1K PUR Dispersion with Comparable Performance to 2K Waterborne Coating

By Makoto Nakao, Covestro LLC, USA


Two-component waterborne polyurethane (2KWB PU) coatings have been recognized as coatings with excellent performance properties, and they are used in a wide variety of applications.1 However, they require the introduction of a curing agent as a second component to provide the crosslinking needed to enhance coating performance. Several challenges for 2KWB coatings are well known, including limited pot life, increased waste, potential risk for mixing failure, and additional process steps before application. Therefore, in certain markets, paint formulators continue to look for one-component waterborne (1KWB) coatings that perform comparably to 2KWB coatings; for example, coatings for the residential vinyl window market. Vinyl windows represent more than 70% of windows sold in the United States residential window market2 and nearly all of them are white in color. Consumers are demanding more color options and, to meet that demand, window manufacturers are painting more and more windows today. Currently, 2KWB coatings are the market standard, but window manufacturers and applicators are seeking high-performance 1KWB coatings that are easy to apply and provide comparable performance to the 2KWB coatings being used today. This article discusses the physical properties, as defined in American Architectural Manufacturers Association (AAMA) 615-13 specification,3 of a newly developed 1KPUR dispersion (hereinafter called “Next-gen 1KPUD”) that demonstrates comparable performance properties to 2KWB coatings used to paint residential vinyl windows today.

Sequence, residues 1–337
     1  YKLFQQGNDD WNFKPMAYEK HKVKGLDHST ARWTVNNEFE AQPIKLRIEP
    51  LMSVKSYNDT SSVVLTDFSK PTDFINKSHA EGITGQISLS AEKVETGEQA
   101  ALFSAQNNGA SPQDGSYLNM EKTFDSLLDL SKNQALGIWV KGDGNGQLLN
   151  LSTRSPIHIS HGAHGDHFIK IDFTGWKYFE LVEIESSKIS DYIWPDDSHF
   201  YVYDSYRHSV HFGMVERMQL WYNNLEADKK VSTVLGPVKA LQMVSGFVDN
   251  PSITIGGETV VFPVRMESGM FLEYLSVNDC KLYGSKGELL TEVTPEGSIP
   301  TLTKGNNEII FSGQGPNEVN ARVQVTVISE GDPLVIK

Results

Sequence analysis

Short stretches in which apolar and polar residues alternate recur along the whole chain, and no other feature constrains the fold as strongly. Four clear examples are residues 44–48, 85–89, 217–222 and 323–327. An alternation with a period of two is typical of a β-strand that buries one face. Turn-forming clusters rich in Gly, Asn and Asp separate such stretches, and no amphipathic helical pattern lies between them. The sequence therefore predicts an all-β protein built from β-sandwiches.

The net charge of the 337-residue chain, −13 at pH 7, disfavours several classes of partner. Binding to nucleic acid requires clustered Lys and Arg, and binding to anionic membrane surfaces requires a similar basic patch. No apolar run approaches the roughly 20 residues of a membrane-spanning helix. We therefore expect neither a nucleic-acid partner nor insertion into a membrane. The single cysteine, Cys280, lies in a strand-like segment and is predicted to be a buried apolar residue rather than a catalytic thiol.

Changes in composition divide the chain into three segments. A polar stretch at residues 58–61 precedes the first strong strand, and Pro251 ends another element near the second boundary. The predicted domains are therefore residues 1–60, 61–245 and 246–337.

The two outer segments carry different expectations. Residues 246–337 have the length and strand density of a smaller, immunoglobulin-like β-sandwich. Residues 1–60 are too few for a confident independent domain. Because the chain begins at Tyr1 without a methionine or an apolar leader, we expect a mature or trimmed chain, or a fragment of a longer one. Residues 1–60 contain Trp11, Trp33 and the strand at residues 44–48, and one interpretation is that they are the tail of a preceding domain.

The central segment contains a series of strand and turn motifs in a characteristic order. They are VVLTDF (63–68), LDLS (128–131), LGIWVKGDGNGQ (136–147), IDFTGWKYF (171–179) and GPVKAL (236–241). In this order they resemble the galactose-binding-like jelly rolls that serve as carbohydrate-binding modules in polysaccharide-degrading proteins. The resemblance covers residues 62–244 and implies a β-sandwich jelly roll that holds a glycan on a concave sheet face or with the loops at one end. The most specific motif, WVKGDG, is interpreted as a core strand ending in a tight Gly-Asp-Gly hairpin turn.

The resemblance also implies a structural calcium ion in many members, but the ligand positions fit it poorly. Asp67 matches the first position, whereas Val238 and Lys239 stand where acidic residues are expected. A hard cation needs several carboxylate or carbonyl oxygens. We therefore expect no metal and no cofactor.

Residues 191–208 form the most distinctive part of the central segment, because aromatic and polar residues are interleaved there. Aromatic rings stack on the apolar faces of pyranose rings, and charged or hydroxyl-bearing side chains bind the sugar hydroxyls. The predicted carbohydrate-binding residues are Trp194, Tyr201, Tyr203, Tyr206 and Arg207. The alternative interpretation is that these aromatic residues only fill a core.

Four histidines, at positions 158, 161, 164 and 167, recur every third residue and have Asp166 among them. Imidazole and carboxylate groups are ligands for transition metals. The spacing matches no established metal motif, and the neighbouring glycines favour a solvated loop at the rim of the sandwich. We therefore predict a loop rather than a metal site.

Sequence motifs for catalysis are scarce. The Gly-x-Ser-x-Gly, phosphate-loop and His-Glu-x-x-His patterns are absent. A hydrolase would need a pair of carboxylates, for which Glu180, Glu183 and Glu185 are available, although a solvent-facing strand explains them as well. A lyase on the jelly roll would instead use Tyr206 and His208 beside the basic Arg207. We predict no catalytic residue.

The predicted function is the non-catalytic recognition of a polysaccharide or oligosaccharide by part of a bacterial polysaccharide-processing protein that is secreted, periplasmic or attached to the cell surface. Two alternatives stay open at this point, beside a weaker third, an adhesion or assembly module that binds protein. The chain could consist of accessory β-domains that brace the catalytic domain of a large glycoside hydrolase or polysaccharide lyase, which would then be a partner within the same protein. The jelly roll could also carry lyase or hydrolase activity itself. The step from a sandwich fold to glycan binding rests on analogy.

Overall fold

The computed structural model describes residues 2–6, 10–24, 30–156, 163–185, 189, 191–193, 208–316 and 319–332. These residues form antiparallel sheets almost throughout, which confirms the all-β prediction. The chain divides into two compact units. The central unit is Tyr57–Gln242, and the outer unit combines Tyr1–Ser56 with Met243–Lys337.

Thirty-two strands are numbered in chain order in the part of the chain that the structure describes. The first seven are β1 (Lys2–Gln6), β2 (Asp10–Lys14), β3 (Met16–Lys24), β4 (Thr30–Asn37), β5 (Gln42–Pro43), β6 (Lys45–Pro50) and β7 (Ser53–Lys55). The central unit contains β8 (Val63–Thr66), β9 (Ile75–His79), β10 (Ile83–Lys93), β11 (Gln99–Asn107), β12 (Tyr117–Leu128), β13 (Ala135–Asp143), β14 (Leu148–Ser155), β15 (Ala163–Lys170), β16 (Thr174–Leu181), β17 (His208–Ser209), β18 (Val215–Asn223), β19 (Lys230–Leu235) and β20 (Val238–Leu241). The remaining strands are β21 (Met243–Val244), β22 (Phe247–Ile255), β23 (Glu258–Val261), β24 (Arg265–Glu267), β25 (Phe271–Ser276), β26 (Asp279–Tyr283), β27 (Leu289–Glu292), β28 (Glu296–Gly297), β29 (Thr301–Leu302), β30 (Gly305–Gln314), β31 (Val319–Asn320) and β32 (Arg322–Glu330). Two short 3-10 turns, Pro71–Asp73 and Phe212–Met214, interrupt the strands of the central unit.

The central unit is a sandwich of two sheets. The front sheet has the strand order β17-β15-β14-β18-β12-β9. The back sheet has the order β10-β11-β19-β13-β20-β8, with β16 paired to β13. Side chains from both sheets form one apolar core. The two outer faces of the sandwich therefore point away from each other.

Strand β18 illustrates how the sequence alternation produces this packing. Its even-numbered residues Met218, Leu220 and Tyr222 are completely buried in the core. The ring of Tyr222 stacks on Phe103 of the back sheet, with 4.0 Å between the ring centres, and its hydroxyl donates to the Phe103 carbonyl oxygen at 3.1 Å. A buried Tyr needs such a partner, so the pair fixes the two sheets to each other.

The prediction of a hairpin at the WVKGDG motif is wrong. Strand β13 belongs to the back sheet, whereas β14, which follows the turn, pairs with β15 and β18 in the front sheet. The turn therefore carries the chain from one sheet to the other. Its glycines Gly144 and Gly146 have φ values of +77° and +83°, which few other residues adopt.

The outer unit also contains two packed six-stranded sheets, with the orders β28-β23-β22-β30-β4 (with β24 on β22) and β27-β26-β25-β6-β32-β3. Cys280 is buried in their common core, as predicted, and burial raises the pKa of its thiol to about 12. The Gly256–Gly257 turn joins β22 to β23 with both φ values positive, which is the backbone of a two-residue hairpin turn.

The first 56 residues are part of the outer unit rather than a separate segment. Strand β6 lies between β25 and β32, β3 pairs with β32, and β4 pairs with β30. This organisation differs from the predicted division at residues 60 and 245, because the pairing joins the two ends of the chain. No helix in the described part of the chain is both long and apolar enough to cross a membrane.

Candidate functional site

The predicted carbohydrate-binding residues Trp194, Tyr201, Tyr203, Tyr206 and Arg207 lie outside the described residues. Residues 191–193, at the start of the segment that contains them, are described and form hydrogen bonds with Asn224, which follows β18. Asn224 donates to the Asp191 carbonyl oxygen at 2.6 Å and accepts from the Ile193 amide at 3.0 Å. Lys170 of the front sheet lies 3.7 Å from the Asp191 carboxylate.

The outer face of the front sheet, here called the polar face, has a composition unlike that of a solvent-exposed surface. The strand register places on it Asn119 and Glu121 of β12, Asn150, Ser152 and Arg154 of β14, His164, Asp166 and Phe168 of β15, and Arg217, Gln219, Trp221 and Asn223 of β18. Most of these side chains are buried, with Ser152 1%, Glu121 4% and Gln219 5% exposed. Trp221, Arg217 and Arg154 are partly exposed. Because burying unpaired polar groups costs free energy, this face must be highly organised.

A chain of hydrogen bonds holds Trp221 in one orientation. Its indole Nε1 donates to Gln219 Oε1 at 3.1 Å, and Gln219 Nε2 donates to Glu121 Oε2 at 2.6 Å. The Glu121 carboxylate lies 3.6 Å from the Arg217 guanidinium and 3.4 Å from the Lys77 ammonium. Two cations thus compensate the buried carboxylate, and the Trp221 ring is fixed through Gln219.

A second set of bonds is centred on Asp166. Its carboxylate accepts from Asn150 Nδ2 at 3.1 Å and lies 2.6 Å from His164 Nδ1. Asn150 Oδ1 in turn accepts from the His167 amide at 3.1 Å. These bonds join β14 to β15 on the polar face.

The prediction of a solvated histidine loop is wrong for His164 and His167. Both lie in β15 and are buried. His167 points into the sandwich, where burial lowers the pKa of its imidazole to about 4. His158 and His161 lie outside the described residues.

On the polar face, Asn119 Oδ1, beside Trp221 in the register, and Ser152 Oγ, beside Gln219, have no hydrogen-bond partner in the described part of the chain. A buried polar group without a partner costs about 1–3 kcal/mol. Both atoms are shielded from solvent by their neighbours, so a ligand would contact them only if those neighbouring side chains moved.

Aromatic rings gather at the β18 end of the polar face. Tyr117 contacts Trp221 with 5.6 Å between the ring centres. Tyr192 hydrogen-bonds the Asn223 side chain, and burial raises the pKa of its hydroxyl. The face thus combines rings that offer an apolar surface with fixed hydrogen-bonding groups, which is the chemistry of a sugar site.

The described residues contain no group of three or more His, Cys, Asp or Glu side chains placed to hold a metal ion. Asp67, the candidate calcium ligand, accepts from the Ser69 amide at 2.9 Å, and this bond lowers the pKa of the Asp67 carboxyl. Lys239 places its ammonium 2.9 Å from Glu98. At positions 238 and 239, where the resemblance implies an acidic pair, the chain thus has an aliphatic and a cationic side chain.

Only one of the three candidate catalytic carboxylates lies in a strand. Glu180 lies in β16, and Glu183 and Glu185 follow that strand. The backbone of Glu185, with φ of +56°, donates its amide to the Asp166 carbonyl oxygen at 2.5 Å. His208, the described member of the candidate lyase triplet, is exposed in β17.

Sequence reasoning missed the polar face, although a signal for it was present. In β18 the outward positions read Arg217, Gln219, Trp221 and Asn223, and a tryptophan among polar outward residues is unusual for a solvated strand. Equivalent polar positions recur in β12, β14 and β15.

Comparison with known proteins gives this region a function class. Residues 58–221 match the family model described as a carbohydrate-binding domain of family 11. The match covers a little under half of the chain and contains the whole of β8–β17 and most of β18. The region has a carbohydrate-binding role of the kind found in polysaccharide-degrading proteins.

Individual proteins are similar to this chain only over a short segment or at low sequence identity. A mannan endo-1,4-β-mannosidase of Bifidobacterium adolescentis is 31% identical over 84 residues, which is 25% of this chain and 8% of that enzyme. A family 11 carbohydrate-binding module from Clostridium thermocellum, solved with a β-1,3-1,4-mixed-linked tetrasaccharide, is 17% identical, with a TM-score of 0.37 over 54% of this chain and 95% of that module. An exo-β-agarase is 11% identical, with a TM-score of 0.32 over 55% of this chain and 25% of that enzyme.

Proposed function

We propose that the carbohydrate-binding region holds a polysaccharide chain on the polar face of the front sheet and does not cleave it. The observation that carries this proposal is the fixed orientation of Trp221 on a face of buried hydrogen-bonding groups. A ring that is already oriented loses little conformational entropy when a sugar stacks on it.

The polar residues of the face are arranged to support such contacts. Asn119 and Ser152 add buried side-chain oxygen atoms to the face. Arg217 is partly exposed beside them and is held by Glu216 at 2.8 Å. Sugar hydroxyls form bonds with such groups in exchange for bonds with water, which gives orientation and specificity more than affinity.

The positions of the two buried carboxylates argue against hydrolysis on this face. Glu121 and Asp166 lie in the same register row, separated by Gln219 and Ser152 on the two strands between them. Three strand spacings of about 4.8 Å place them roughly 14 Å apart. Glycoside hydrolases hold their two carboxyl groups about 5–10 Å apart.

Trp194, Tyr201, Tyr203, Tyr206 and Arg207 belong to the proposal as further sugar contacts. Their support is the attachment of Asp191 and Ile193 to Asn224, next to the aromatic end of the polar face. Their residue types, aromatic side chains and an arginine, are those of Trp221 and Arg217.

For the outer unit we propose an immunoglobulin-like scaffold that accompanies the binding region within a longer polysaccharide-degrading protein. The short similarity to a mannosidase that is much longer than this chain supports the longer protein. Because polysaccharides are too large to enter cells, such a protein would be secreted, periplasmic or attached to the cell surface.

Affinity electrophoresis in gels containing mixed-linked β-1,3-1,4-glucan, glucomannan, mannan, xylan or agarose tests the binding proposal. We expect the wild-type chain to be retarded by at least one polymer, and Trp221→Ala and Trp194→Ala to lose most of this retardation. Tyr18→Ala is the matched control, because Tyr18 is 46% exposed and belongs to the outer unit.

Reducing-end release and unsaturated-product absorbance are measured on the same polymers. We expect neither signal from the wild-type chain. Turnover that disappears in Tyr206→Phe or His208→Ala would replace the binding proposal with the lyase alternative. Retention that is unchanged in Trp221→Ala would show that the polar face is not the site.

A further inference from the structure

To increase the performance of a 1KWB PU to the level of a 2KWB PU, an intensive development program was undertaken. Its goal was to develop a 1KWB PU with higher film hardness (e.g., >2H pencil gouge hardness) and with superior chemical resistance (e.g., detergent, nitric acid, and mortar). The study examined various kinds of high molecular weight polyol, different isocyanate monomer, various levels of hard block content, chain extension, neutralization, and solubilizing agents.